Despite local and regional exceptions, it’s safe to say that striped bass are the Northeast coast angler’s most popular target. You can catch them in bays, inlets, the surf, or even up coastal rivers. I’ve chased them from Maine to Georgia, tossing flies at them for the past several decades. Both my successes and failures have taught me many things about these magnificent fish.
Fly Tackle for Trophy Stripers
When it comes to fly tackle for large striped bass, I recall Lou Tabory’s sage advice: “Most fly anglers lose the largest fish because they gear up to catch smaller, school-sized fish.” Their rods, reels, and leaders too often aren’t up to the task. So if you specifically seek trophy stripers, think big, think strong. Not that fish aren’t sometimes caught on lighter tackle, but consider 10, 11, even 12-weight rods when you target the largest fish. Your reel needn’t cost the price of a home mortgage, but it should definitely start up and give up line smoothly, and hold 150 yards of stout dacron or gel spun backing.
Fly Lines for Trophy Stripers
Also carry several fly lines to meet the various conditions. For tossing large poppers and shallow swimming flies, or to fish shallow bays and flats, a floating line with a steeper saltwater front taper fits the bill. For me, however, that’s my least favorite line when I expect to encounter above average fish. Most big bass are taken deeper, so I generally rely on fast-sinking, integrated heads of 400 or 500 grains. Wave action affects such subsurface lines less, they also help me keep more direct contact with my flies, and afford positive hook setting. For the surf, I like an intermediate line, as its slow sink rate keeps my flies from planing on the surface in the turbulent water.
Recommended Striper Leaders
Since fewer knots offer less chance for failure, I like simple two- or three-piece leaders of about 7-8’, usually tipped out at about 20 pounds. A lot of taper isn’t required. A heavy shocker on the front end can be vital around rocks and jetties. I once lost a huge fish over a rocky reef near Watch Hill, Rhode Island while fishing with Capt. Steve Bellefleur. When he reported my failure to another guide, the question came back, “Was he using a shock tippet?” Steve simply said, “He is now.” I still haven’t lived that one down.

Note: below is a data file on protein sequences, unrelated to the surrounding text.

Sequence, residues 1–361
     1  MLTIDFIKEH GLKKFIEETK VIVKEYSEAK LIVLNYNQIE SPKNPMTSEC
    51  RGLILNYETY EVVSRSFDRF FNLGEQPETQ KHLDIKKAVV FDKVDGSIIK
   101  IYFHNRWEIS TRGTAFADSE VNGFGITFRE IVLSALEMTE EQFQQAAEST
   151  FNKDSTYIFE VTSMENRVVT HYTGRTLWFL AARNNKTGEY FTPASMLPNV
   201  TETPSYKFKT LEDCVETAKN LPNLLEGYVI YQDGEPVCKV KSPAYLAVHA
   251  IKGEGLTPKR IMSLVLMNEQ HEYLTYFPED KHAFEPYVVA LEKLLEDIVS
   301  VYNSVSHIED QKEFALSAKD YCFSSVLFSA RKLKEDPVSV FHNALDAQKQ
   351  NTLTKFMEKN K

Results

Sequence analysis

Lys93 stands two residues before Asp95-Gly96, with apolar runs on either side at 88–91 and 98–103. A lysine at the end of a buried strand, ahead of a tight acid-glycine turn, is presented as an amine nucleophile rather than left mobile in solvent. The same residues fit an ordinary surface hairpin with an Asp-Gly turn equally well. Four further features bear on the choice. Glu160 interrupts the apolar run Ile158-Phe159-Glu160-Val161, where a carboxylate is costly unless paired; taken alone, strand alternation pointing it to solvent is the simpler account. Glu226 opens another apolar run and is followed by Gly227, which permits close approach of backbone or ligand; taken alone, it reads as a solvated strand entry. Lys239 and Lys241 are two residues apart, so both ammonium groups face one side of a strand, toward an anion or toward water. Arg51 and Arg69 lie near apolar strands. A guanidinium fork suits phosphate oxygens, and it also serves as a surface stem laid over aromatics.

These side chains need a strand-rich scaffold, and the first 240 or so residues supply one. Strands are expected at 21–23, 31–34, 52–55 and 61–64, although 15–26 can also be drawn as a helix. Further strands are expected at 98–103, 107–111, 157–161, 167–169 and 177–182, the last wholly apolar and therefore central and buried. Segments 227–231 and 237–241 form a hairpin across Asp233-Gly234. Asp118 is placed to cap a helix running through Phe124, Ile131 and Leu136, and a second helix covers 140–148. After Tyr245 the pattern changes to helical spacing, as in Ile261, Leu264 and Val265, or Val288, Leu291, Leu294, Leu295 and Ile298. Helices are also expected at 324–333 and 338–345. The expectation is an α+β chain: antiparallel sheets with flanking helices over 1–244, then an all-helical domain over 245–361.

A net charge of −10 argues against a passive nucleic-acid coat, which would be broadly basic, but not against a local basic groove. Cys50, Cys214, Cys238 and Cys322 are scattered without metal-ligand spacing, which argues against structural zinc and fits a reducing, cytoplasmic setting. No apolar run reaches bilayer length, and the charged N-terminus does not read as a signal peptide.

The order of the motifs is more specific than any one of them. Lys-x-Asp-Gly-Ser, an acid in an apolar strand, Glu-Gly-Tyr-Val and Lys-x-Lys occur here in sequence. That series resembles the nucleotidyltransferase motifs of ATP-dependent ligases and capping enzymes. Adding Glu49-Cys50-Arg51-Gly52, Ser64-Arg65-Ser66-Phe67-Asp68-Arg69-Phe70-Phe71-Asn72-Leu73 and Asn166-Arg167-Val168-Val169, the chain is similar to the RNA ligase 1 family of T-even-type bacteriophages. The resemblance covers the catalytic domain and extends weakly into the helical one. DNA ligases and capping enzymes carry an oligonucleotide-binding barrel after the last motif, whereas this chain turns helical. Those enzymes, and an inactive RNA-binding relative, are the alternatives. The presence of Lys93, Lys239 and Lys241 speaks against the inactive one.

Top Trophy Striper Flies
While streamers and poppers have long been the mainstay of striper fly rodding, crab, worm, shrimp, and even lobster imitations have gained attention in recent years. However, if you focus on larger fish, it makes sense to use flies replicating the baits that they favor, like herring, menhaden, squid, and eels. And remember, the hook is your only point of contact with the fish, so make sure your flies are tied on strong, sharp hooks.
As for patterns, Bob Popovics’s Bucktail Deceivers and Beast flies are great choices. I also have a preference for flies with built-in swimming motion, like Bob’s Pop Lips, and Blane Chocklett’s Game Changers. When fishing your flies, mix and alternate retrieves, fast and slow, one-hand and two-hand, steady and erratic.
Key Factors For Top Striper Action
Although anglers incessantly debate the effects of water temperature, wind or wave action, and moon phase on big Northeast striped bass, one point everyone agrees on is the importance of moving water, either a strong rising or falling tide, so it pays to consult tackle shops and guides for the local preferences. I generally favor nights around the new moon, the darkest times of the month.
Once the mullet start to migrate along the New Jersey surf in mid-September, I look forward to fishing daybreak, when the bait draws bass close to shore. But don’t hesitate to take advantage of any opportunity to fish when the bass are in season and in the vicinity. Remember that they gravitate toward rocks, so concentrate your efforts on structure, when possible, and keep in mind that wave turbulence and big current rips also serve as structure, allowing stripers to ambush baitfish.
Northeast Striper Hot Spots
As for venues, some of my personal favorites are Cape Cod, including waters around the islands of Nantucket and Martha’s Vineyard, the rocks around Cuttyhunk and the Elizabeth Islands, Montauk in the fall, Sandy Hook and Cape May, New Jersey, and the mouth of Chesapeake Bay in the vicinity of the Bay Bridge-Tunnel, particularly in the winter months. Of course, these are only a few of the many places where you can connect with trophy stripers. And unless you are thoroughly familiar with the waters you want to fish, book a good guide. That’s what I do.